I hope you’re all preparing your parasite ecology cartoons for your ESA talks next week! I know I am – so I didn’t have time to make one for this week’s post. Oops! Here is some pressing parasite ecology news, instead!
Speaking of conferences, I wish I was at this one. The #WDA2016 tweets are making me jealous.
Zika virus is officially being transmitted by US mosquitoes. Also, we now know that Zika virus can definitely be sexually-transmitted. This has led the CDC to recommend that all pregnant women in the US be screened for infection. (WOW!) If you want to know about Zika in your state, here’s an interactive map that you can use.
Increased temperatures in Siberia thawed out frozen corpses, which led to an Anthrax outbreak in reindeer and herders. Yikes.
This isn’t exactly news, but the USFS has a story map about White Nose Syndrome that might be nice to use in the classroom.
I can’t remember if I already shared this, but the outbreak of turtle herpesvirus at the Great Barrier Reef looks brutal.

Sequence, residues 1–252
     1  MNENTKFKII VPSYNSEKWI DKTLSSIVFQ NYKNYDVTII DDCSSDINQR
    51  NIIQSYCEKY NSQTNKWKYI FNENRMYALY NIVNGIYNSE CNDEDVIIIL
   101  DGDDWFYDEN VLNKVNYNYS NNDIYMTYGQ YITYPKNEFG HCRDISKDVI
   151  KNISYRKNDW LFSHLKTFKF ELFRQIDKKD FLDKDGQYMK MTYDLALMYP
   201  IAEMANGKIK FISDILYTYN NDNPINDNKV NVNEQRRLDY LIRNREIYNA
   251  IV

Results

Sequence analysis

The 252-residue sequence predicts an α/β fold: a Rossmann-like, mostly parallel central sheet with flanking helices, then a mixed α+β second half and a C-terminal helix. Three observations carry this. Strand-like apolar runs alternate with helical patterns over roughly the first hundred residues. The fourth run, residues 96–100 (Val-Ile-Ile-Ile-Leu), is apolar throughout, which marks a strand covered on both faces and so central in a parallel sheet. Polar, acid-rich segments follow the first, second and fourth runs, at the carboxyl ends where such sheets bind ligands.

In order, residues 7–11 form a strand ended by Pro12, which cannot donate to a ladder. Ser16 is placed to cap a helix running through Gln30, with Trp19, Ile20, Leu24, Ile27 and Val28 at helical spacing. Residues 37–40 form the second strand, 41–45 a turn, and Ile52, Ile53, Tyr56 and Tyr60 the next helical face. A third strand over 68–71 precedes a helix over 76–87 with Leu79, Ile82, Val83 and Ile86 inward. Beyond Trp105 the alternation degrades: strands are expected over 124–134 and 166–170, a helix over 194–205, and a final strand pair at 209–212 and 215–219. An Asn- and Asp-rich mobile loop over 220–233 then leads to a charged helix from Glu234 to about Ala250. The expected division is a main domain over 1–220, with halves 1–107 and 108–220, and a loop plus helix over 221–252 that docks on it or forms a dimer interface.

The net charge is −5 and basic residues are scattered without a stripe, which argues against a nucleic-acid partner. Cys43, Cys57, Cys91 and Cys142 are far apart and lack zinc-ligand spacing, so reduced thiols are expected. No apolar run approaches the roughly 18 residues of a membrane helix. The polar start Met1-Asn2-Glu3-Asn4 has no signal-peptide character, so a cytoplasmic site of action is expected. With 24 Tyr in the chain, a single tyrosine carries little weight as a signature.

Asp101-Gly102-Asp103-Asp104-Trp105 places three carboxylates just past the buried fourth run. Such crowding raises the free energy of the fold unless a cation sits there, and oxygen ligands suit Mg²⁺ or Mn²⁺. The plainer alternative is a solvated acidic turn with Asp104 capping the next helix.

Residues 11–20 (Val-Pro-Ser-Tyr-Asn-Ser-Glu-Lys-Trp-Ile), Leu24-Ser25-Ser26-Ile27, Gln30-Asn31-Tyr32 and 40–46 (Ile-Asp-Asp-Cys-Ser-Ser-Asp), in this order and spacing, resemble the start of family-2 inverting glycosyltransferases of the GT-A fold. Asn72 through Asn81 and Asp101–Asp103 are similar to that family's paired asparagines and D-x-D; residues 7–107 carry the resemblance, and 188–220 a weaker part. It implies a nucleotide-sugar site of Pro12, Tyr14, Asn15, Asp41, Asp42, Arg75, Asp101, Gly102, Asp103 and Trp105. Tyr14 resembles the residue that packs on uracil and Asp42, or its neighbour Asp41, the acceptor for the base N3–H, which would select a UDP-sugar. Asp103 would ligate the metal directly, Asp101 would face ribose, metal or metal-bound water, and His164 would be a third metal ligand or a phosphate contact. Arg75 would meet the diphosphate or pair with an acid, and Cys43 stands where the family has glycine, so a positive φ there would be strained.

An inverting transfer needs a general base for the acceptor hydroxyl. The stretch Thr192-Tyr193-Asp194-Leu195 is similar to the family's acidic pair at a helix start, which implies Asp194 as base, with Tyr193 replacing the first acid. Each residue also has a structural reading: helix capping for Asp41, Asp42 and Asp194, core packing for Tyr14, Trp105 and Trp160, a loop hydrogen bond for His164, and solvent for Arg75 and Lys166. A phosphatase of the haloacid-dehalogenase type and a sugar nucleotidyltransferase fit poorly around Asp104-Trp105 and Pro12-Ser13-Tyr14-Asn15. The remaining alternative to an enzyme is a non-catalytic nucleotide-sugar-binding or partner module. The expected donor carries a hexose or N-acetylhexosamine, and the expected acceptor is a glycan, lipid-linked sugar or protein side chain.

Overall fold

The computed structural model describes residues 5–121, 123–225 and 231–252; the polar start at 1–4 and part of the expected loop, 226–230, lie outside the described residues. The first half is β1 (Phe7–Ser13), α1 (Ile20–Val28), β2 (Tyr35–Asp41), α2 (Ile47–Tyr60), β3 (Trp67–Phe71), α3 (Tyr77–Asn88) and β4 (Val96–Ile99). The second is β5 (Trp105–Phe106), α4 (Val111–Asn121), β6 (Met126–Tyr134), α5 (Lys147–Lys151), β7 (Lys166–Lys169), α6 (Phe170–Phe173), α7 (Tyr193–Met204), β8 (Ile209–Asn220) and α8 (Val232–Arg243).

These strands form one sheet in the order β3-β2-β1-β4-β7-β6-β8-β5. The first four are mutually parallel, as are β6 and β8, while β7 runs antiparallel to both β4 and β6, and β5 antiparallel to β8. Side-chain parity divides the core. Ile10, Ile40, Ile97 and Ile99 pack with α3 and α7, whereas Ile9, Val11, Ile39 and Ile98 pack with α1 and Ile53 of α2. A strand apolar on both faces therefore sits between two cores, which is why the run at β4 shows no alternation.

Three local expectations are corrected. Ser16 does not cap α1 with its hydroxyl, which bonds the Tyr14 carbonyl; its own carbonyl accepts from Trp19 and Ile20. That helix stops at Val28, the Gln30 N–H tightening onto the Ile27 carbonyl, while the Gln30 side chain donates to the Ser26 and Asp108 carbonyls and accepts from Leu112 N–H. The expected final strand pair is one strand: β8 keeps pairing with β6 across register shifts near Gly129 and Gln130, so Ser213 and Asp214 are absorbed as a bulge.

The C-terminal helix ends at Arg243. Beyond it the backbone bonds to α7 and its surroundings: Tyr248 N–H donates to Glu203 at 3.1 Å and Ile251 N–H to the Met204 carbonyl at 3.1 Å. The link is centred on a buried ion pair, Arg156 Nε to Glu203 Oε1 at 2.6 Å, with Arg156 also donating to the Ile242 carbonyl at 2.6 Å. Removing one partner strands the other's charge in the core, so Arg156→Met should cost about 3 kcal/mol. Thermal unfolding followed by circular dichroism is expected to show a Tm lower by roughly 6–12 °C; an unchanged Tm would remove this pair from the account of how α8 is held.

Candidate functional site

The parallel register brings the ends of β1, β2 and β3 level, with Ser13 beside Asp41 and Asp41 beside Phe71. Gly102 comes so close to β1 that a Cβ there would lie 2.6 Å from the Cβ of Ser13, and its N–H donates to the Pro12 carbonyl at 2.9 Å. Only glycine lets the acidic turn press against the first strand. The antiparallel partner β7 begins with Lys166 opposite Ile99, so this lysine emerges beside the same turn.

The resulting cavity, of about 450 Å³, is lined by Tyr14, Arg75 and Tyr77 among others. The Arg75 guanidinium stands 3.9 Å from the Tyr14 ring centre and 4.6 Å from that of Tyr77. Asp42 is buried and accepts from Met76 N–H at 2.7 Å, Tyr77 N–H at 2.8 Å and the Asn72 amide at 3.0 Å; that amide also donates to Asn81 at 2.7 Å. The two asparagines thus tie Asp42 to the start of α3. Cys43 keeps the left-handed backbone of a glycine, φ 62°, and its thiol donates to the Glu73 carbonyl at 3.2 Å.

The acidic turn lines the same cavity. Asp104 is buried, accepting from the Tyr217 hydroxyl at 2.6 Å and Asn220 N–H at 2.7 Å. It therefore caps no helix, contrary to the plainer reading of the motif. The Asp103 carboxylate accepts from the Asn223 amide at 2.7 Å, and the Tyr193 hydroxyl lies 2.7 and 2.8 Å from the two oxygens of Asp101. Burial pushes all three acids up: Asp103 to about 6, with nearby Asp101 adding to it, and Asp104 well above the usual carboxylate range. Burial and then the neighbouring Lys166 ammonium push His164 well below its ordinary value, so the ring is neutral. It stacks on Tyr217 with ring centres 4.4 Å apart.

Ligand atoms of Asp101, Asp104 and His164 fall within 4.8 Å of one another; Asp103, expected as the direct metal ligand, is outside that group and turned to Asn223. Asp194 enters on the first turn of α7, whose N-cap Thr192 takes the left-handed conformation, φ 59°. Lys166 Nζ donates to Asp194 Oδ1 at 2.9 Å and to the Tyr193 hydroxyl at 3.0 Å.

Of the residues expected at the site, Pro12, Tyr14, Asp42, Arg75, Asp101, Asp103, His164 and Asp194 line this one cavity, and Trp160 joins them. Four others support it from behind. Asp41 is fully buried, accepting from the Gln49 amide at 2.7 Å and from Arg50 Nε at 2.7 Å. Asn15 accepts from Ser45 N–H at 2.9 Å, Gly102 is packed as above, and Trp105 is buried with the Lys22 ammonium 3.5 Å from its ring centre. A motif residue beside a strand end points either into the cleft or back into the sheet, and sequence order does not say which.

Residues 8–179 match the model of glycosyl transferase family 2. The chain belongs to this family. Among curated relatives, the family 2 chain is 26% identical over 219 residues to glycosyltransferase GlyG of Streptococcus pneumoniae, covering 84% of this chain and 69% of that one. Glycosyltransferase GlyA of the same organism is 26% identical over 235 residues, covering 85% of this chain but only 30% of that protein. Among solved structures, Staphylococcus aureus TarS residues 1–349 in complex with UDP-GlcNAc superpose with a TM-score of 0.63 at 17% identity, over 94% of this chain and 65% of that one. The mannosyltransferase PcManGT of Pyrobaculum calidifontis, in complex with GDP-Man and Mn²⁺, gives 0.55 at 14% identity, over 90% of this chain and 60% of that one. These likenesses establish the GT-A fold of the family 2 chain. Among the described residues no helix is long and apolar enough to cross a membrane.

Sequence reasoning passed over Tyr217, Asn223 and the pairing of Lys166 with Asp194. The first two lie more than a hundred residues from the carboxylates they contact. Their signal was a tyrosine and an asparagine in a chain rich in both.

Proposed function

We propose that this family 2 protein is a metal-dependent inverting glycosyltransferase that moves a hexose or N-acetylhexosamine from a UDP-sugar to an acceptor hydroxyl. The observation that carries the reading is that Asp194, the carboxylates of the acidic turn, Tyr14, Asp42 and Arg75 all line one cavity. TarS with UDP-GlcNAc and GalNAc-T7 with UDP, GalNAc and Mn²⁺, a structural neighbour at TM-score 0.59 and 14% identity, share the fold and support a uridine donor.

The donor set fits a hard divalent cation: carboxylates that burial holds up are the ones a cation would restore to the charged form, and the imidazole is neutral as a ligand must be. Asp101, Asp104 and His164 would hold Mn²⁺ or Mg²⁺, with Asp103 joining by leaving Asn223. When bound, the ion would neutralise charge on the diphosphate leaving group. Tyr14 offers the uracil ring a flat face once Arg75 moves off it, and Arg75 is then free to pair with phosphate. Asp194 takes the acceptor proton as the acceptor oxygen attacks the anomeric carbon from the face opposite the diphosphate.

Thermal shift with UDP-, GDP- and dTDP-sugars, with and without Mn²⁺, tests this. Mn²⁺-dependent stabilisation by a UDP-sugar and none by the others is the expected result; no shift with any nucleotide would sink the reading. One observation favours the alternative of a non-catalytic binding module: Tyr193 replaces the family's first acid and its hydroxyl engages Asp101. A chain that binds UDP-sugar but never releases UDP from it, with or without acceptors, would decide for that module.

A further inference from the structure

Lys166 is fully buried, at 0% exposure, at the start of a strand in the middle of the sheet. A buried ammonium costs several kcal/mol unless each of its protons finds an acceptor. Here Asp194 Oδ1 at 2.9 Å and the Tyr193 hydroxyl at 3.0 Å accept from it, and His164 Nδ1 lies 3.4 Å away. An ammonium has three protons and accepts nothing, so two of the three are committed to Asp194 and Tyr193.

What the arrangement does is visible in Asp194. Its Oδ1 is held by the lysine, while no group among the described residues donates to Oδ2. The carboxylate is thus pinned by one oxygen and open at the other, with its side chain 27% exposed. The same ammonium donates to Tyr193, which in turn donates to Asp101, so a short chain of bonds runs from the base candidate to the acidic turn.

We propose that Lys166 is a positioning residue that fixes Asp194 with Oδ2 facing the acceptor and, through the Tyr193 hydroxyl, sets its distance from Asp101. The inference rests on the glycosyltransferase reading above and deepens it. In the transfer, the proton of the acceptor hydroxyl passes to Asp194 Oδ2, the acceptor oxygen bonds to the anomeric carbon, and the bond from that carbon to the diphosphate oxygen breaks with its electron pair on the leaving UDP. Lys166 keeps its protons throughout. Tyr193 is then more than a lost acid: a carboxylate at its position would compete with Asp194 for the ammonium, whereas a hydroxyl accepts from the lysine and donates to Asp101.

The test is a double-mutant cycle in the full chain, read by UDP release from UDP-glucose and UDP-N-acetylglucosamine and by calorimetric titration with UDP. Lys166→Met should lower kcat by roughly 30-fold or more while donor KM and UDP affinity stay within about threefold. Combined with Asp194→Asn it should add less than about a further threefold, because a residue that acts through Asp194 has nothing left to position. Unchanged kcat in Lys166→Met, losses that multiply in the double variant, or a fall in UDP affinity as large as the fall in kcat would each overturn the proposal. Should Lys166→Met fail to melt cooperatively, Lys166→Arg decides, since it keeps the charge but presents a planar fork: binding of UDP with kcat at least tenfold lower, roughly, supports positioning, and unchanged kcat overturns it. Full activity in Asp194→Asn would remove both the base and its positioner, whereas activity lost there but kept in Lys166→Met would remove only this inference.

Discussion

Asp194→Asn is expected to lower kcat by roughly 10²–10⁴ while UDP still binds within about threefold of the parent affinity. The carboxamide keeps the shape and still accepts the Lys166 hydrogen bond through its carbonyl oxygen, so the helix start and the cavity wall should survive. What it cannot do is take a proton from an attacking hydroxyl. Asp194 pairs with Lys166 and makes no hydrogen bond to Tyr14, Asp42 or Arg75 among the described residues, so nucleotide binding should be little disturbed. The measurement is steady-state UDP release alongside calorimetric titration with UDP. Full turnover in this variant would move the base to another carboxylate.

There’s a recent article on Bsal and monitoring efforts in the US that has really pretty graphics.
If you only visit Parasite Ecology for the cartoons, you’re going to be disappointed, again. But if you want to catch up with a bunch of recent cool parasite ecology via a link dump, you’re in luck! Here’s some cool stuff that I read recently:
There are a LOT of parasites in the world, and obviously they don’t all share one common ancestor. So how many times has parasitism independently evolved? An insanely large number of times.
When mosquitoes are nutritionally deprived as larvae, their capacity as human malaria vectors is greatly reduced relative to mosquitoes that weren’t nutritionally deprived.